While there’s nothing inherently derivative about Kren’s film, it’s pretty impossible to avoid at least some comparisons to The Thing, ice-bound setting notwithstanding. Both films revolve around isolated teams of scientists, both feature heroes who are decidedly rough around the edges and less than ideal leader-types and both films deal with the ramifications of rapid-fire mutations on both humans and animals. Hell, both films even prominently feature a dog, although Blood Glacier’s Tinnie is much more sympathetic than the mutating monster from Carpenter’s film. There’s also a shared sense of cynicism between the films: both end with the notion that the ultimate resolution of the events will be up to the capricious whims of nature…mankind can only affect so much, after all, when we’re merely ants crashing the picnic.
Despite these pretty basic similarities, however, Blood Glacier is definitely its own beast. For one thing, Kren has his tongue a little further in cheek than Carpenter did: while Blood Glacier is the furthest thing from a horror-comedy, it tends to display a rather sardonic worldview, a POV that was also a big part of Rammbock. There’s also the inclusion of the characters of Tanja and Minister Bodicek, which injects a much-needed female perspective into the film. While Tanja also fulfills the role of love interest, Bodicek is just allowed to be a complete and total badass: she gets some of the film’s best lines, performs impromptu surgery (take that, American politicians!), keeps her head at all times and actually seems to give a shit about the common folks rather than seeking to protect only her own, privileged skin. Minister Bodicek is a great character and Brigette Kren brings her to glorious life. Gerhard Liebmann, for his part, is a more than capable hero, even if he’s no patch whatsoever on Russell’s classic MacReady. Liebmann ends up displaying quite a dramatic range in the film, particularly during the rather sad Tinnie storyline, and amounts to a pretty good protagonist.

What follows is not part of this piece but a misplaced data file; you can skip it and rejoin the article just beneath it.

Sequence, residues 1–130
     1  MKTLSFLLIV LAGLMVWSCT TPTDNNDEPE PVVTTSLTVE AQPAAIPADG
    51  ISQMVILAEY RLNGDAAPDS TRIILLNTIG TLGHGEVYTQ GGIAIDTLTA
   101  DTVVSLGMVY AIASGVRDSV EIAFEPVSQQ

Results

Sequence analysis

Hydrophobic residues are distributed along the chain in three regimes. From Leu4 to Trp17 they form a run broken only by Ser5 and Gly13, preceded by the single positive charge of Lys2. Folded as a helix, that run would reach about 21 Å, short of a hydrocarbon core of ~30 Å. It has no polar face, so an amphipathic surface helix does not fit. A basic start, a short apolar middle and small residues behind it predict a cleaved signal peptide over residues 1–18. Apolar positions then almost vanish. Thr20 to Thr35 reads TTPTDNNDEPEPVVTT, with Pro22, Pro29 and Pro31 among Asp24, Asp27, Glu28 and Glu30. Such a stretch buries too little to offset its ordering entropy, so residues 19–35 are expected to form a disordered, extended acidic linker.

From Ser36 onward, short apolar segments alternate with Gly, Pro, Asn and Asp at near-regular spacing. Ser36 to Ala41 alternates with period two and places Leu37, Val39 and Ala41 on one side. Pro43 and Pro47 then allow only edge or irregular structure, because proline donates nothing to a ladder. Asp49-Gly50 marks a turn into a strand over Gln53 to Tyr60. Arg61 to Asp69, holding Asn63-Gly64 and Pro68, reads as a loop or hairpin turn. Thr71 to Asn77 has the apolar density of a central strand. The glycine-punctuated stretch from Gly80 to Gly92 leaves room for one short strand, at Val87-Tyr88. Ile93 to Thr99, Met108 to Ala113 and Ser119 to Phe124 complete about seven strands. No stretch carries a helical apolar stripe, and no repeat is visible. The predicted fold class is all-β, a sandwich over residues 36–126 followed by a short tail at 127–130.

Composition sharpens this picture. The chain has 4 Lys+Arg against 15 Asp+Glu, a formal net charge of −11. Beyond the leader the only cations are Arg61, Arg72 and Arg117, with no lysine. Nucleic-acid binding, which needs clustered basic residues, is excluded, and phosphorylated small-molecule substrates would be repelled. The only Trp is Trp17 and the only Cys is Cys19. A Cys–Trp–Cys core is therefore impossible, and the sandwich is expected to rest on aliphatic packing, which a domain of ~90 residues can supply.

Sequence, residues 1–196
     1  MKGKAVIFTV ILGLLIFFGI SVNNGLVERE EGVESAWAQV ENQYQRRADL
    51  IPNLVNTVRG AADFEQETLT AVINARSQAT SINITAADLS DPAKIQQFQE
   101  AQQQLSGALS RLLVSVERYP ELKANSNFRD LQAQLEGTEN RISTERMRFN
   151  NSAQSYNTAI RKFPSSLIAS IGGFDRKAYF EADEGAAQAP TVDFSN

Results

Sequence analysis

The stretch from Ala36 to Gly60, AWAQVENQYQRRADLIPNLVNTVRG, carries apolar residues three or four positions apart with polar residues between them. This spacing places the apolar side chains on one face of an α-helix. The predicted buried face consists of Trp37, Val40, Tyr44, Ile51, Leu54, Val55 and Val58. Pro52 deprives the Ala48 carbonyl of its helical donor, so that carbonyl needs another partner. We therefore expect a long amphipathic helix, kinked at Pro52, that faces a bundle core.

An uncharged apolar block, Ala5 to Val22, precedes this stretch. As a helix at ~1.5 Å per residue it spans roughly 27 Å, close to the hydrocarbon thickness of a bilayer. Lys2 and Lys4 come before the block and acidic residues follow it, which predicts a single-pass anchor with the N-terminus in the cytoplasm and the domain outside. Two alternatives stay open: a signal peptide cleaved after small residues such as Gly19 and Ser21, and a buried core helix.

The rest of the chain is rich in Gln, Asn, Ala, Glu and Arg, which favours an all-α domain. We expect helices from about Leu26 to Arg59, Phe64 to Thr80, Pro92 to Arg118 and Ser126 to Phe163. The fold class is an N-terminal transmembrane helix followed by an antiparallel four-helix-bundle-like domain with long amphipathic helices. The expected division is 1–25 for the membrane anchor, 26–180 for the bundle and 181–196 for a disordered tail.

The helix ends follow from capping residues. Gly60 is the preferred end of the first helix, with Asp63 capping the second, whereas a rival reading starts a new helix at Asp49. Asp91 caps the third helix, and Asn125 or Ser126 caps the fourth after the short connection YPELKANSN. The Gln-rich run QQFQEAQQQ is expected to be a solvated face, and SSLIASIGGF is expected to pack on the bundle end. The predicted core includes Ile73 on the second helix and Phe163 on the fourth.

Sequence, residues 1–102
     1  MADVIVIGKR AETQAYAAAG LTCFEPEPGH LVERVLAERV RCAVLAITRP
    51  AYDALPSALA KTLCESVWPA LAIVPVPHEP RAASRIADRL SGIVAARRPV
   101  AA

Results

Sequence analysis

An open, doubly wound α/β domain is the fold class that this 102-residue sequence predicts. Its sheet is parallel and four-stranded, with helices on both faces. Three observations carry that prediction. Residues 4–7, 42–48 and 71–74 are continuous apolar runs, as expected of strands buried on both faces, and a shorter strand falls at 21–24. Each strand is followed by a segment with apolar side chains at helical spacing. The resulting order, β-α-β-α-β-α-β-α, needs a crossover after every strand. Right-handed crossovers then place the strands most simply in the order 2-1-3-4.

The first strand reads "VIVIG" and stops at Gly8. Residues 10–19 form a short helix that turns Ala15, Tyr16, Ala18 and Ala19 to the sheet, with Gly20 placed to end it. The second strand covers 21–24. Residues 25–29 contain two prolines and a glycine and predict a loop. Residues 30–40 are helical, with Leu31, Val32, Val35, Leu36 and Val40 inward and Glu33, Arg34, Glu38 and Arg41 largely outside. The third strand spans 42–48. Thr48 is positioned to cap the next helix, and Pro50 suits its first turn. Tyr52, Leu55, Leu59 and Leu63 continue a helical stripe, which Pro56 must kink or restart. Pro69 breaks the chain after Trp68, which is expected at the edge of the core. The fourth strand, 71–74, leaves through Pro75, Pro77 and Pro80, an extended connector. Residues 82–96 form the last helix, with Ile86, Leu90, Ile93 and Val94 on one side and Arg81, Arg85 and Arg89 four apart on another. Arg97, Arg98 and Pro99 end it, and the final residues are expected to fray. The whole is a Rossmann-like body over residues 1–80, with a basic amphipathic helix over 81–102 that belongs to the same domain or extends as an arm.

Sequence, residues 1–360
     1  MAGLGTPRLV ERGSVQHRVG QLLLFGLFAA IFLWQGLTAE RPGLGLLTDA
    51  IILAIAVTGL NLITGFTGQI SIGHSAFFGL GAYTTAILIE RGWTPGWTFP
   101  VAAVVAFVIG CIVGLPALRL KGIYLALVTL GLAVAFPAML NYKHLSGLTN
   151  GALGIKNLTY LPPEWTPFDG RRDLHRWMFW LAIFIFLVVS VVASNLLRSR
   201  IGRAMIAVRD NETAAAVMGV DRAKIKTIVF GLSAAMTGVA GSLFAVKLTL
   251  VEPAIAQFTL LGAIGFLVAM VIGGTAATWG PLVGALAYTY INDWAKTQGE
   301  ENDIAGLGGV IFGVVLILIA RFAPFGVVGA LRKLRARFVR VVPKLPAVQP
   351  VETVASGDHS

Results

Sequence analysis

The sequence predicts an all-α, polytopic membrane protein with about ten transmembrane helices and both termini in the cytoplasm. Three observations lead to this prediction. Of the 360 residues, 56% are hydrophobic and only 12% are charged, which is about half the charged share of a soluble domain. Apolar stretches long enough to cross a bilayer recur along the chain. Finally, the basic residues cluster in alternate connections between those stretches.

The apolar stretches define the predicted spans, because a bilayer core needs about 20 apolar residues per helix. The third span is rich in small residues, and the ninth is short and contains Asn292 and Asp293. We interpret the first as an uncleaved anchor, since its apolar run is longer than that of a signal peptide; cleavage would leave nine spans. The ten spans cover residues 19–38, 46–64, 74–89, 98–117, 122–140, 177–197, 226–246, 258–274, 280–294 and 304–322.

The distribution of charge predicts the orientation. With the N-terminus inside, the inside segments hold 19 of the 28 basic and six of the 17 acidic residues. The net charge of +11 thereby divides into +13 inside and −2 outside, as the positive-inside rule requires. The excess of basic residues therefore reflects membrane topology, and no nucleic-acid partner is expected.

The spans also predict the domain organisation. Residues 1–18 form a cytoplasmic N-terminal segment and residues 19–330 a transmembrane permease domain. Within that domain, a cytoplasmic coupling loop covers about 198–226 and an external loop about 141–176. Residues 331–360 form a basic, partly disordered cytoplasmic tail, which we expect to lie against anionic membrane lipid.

Using the same cinematographer that he employed for Rammbock, Moritz Schultheiss, Kren comes up a similarly rich look for Blood Glacier. As with any film like this, the creature and special effects are a pretty pivotal part of the overall experience and, for the most part, Blood Glacier doesn’t disappoint. The creature designs are suitably icky and often quite ingenious (the insectile rams are just short of amazing), although they don’t always hold up in close-up: what looks more homogenous in a medium shot tends to look rather cluttered and ill-defined once we can see the particulars. Ultimately, however, this doesn’t really become a deal-breaker: the effects in The Thing set a new industry standard, so it makes sense that Blood Glacier would have a problem topping them. The Thing also dealt almost exclusively with practical effects, whereas Blood Glacier’s creatures are mostly CGI, which tends to produce a very different visual effect. Nonetheless, Blood Glacier’s SFX are miles beyond similar films and the film, in general, looks great.
As someone who absolutely idolizes The Thing, I was expecting Blood Glacier to be a competent, if less than revelatory, successor to Carpenter’s classic. While there were a lot of parallels to the ’80s landmark, however, Blood Glacier proved to be a thoroughly captivating film in its own right and a great entry in the “frozen terror” subgenre. At this point, Kren is two-for-two, so he’s officially made his way onto my “Must See” list for future productions: here’s to hoping that the burgeoning horror auteur keeps finding new and interesting ways to mess with old horror conventions. Watch this on a double-bill with The Thing, pour yourself a hot toddy and while away the frigid winter hours. And remember: stay away from the red snow.